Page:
Local businesses reap rewards of zero-waste model

There's next to no packaging at LOCO grocery store, and customers are encouraged to use their own containers.

Going green is certainly on trend as many businesses try to minimize waste and reduce their carbon footprints.

While more prominent franchises are following the money, some independent entrepreneurs have been using this business model for years.

Marie-Soleil L’Allier realized how wasteful grocery shopping was four years ago, and decided to make a difference by opening a zero waste grocery store.

“All the co-founders, we all studied environmental science, and we wanted to use the business model to make a change at the systemic level,” said L’Allier. 

LOCO has more than 80 small producers from Quebec. The grocery store in Villeray has next to no packaging and customers are encouraged to bring their own containers. The store is transparent with their customers about where their produce comes from, and they are starting to add the number of kilometres between their stores and the producer.

“Everything we can find locally, we buy locally,” said L’Allier. “But for the rest, you have to import.” 

While their oldest store is turning a profit, so far the two newer ones are not, though L'Alallier said they're on track to becoming profitable with a little more time.

“The citizens have shown that they are ready to change the way they live, and they are ready to change their habits,” said L’Allier. 

Half of all consumers consider the company’s values when deciding where to shop, said business consultant Glenn Castanheira.

The business model is a success and is definitely viable on a larger scale, said Castanheira, adding that the model is actually not new. 

“We’re just going back to classics,” said Castanheira. “The model we’re seeing today with supermarkets where you can buy everything at the grocery store is actually only about 40 years old. This idea of buying fresh produce at bulk or with your own bags or what we call today zero waste, is just going back to the business model that our grandparents knew not so long ago.” 

Castanheira said half a million people in Montreal participated in the strike against climate change this year, and business owners could see this as half a million customers. 

LOCO is noticing this recent change in consumerism, too, because their producers are also catching on.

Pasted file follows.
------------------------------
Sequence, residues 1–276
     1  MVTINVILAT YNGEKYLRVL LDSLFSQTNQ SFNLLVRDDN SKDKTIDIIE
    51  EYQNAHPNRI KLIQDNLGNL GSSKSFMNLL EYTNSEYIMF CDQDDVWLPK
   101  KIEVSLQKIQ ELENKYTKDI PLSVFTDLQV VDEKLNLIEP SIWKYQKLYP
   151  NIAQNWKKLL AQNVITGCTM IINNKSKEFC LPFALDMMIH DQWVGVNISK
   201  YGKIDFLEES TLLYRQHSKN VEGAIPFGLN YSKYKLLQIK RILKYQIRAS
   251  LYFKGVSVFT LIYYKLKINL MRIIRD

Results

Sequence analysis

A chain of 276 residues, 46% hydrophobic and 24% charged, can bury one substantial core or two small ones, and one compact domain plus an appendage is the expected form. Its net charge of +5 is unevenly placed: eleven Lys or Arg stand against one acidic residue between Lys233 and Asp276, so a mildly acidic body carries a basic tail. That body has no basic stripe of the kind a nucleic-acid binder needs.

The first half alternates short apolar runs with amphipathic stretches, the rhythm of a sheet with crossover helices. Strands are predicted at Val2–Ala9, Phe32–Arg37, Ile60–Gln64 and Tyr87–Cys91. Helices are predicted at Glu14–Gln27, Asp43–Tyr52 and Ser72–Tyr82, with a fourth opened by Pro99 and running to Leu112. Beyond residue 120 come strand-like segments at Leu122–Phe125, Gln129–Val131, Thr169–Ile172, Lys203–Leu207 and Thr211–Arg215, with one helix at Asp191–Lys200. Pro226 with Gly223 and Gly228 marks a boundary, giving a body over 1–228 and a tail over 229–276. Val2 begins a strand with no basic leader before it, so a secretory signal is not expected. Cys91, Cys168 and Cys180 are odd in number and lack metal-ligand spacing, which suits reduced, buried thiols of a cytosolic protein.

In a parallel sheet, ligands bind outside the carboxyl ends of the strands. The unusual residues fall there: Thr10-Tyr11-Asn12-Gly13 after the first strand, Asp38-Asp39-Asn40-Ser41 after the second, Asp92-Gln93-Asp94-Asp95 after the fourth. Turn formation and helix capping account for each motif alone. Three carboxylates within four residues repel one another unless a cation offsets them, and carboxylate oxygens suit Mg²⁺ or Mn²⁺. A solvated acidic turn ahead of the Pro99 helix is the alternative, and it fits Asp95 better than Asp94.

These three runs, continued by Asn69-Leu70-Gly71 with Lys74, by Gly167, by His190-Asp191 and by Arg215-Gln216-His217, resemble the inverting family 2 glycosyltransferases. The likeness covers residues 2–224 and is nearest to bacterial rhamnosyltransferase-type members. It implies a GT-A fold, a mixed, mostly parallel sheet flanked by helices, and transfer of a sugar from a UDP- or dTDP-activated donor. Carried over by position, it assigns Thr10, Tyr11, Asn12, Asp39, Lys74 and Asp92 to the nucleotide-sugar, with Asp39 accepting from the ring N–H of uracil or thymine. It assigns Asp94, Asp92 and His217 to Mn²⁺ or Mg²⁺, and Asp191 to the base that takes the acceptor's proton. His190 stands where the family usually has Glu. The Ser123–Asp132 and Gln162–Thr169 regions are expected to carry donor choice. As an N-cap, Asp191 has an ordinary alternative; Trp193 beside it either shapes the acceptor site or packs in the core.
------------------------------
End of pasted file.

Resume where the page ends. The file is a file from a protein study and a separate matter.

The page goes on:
“At the beginning it was more difficult, but today we have a lot of producers that are writing to us, because they want to change the way they work, or they want to start a new business model,” said L’Allier. 

In Verdun, zero waste coffee shop Cafe le 5e opened up about the same time as LOCO. It's having success, too.

“I came from an engineering background, and I've worked in big corps, and it was kind of an inner feeling, I needed to be closer to my values, and to have a greater impact on my community,” said co-founder Vincent Dessureault. 

For the cafe to respect their zero waste values, le 5e had to cut single-use cups out of their business model. The cafe had to start hosting events to cover that revenue lost.

“Up to 50 per cent of the business model comes from take-outs, quick take-outs,” said Dessureault. “So that was a big sacrifice for us.” 

To keep their take-out clientele, le 5e has a deposit-return system for mason jars. The cafe charges $1 to customers who want to take their drinks to go, and clients can get that dollar back if they decide to return it. 

The cafe is also partnered up with La Tasse, $5 province-wide deposit-return system on reusable cups. The blue recyclable cups are made of polypropylene plastic, and are recyclable in Quebec. 

“We can see (the results) just by the waste that we throw every week,” said Dessureault. “It’s pretty much just a little bag, and that’s it.” 

Business is going well for these two shops so far, but some say even more could be done to turn this trend into policy.

“I think the next step is to work with local government to change the rules,” said L’Allier.